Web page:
These are questions that, if Prop 2 and the other initiatives pass, would be answered in court.

Ms. SARAH MICHAEL (Chairwoman, Blaine County Commission): I can tell you for sure it's going to be a lawyer's dream.

BRADY: Sarah Michael chairs the Blaine County Commission. She says if voters approve Prop 2, local officials will be afraid to pass any new regulations out of worries they'll face claims that could cost millions to settle. Essentially, she says, all efforts to plan for the future would stop.

Ms. MICHAEL: For Blaine County, if that were to happen, it would impact our quality of life that we've tried to shepherd for 30 years.

BRADY: Blaine County, like much of the West, has seen huge population growth. Local governments generally have tried to regulate that growth and limit sprawl to keep from overburdening schools or running out of scarce water.

A few hours away, Boise is yet another fast-growing Western city. City council member Elaine Clegg has been a strong proponent of regulated growth. She says if voters pass Prop 2, there will be unintended consequences.

Ms. ELAINE CLEGG (Boise City Council, Idaho): Gosh, if this thing passes, maybe that coal-fired plant is going to get built next to your house because we won't be able to pay that company enough money to keep them from building it.

BRADY: Clegg says the most insidious element of the proponents' campaigns is that they focus on the eminent domain issue stemming from the Kelo case, but not on the so-called regulatory takings provision, which she says will cause a lot more problems. Clegg calls this approach a classic bait-and-switch.

Ms. CLEGG: They're baiting you with eminent domain, telling you that this is going to fix eminent domain. And then they're switching in regulatory takings and actually getting you to vote for that when you might not if you really knew what it was about.

BRADY: In some cases, the media have compounded the problem. Recent articles in Nevada and California referred only to the eminent domain provision of the initiatives with no mention of the so-called regulatory takings sections.

In Idaho, Councilwoman Clegg says there's not even any reason to focus on eminent domain, because the state legislature already passed a law to address Kelo-related cases.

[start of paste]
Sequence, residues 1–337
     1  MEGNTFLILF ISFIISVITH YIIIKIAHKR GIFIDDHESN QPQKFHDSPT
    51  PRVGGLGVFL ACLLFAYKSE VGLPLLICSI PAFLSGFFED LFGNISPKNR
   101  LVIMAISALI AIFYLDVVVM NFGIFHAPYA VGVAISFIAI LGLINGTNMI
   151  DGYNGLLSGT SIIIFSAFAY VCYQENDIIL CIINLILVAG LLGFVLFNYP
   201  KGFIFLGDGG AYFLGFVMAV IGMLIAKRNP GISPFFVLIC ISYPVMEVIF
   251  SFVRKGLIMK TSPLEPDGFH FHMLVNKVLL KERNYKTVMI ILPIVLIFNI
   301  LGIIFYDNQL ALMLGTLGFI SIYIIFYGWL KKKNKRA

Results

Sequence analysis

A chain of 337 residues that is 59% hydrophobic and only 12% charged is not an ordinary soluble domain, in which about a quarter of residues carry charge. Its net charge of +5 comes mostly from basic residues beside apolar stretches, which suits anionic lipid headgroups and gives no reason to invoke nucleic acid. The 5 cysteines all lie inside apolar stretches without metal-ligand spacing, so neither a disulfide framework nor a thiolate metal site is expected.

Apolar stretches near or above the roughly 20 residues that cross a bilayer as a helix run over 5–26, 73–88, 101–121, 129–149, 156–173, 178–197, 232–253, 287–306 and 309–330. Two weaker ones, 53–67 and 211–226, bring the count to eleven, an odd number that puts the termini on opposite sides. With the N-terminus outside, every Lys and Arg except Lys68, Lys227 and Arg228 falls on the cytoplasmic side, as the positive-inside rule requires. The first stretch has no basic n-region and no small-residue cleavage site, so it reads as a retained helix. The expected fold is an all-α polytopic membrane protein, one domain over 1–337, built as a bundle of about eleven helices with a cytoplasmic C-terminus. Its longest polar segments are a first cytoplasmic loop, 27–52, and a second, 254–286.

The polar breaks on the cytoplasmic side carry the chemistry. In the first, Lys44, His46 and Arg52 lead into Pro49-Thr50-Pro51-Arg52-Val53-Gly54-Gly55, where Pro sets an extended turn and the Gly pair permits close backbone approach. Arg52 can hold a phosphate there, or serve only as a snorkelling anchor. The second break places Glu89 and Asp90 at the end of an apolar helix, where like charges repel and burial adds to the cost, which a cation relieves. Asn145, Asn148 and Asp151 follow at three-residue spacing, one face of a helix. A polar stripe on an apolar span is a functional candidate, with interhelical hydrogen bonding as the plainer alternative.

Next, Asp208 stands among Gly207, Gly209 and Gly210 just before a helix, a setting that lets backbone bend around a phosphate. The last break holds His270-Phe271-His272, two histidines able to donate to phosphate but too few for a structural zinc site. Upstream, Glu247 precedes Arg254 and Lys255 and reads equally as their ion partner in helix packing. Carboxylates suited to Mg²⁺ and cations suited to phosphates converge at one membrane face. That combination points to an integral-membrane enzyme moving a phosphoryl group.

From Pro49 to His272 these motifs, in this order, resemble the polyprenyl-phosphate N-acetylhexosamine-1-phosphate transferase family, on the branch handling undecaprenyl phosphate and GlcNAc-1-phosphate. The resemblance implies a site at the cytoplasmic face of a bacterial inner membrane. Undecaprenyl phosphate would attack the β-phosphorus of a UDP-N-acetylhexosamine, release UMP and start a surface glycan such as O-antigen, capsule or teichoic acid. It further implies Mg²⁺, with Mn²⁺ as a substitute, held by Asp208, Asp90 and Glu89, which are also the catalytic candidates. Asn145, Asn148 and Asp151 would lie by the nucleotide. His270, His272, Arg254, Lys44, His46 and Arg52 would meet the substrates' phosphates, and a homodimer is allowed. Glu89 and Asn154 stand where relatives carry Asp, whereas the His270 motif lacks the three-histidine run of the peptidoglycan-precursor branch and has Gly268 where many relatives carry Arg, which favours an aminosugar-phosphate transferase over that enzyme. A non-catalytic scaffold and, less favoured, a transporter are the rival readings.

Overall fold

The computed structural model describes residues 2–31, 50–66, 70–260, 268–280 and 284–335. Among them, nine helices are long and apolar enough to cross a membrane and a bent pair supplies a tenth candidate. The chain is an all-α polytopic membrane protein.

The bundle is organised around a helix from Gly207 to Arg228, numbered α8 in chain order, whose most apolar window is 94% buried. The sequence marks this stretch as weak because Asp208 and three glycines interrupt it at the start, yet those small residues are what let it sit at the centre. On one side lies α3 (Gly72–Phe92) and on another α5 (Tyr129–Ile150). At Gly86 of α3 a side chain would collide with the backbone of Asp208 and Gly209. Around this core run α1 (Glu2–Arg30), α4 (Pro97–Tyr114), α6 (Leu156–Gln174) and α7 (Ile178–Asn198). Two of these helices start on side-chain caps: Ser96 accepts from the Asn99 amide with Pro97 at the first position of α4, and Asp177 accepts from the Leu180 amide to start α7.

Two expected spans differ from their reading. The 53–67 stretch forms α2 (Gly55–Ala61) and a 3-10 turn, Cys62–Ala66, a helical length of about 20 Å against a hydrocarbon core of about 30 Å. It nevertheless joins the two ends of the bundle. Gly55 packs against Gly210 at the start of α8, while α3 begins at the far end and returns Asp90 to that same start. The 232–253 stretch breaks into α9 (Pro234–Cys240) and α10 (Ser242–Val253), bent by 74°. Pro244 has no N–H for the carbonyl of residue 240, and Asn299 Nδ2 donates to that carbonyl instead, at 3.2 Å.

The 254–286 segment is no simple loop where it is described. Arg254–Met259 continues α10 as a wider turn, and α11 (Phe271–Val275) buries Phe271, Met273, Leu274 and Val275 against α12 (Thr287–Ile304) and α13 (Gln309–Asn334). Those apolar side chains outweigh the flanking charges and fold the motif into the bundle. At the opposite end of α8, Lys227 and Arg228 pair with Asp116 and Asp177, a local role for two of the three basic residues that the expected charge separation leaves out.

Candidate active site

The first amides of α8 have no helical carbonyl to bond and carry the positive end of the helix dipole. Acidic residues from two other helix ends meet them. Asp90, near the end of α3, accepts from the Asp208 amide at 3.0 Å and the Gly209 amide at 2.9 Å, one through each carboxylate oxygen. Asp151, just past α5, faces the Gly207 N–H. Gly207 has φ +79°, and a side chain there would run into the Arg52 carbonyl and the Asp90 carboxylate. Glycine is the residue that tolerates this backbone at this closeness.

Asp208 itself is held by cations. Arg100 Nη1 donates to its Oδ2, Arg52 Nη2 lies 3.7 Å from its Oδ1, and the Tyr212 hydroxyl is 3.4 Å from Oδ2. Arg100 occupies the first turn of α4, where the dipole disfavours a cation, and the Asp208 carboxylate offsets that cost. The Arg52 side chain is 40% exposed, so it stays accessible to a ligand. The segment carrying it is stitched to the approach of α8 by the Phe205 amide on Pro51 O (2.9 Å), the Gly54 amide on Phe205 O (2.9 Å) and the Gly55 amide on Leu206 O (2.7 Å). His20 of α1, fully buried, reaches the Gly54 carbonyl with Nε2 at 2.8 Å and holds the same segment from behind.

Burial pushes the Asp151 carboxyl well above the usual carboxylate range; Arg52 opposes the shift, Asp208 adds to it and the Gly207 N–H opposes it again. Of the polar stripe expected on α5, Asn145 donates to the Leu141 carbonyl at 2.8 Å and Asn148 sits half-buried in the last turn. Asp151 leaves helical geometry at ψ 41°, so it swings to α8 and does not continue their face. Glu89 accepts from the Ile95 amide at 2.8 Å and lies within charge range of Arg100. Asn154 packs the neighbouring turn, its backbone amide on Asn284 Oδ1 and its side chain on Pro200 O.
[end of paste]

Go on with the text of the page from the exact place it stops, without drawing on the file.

Ms. CLEGG: It went into effect July 1st. There will not be any changes in how eminent domain is regulated in the state of Idaho if this initiative passes.

BRADY: The initiative got on the Idaho ballot with money from small government groups; more than $330,000, according to the most recent campaign finance reports. Those same groups - the Fund for Democracy, America At Its Best and Americans for Limited Government - have spent millions supporting the initiatives in the West.

Laird Maxwell sponsored the Idaho initiative. He's a longtime advocate for reducing the size of government through term limits, tax reductions and spending limitations. Maxwell says he's not trying to pull a bait-and-switch.

Mr. LAIRD MAXWELL (Chairman, Idahoans for Tax Reform): Yes, people understand Kelo because it's been hugely advertised and talked about in the media. What I'm trying to do is elevate the just compensation for regulatory takings to the same level. It's not a bait-and-switch; it's trying to elevate the thing.

BRADY: And Maxwell says the two are closely related. He says there's little difference between someone taking your house or taking away some of the value of your property.

Mr. MAXWELL: The same results are there. Sometimes your house just might take a little longer to get crushed. But the question is, are you in charge of your own property or is the government in charge of it?

BRADY: And that gets into what motivates the group that have put these initiatives before voters across the West. We'll explore that in part two of this story tomorrow.

Jeff Brady, NPR News.

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NEARY: Legal experts disagree on whether the Supreme Court's Kelo decision on the use of eminent domain to seize private property went too far. To follow a debate between two professors, go to npr.org.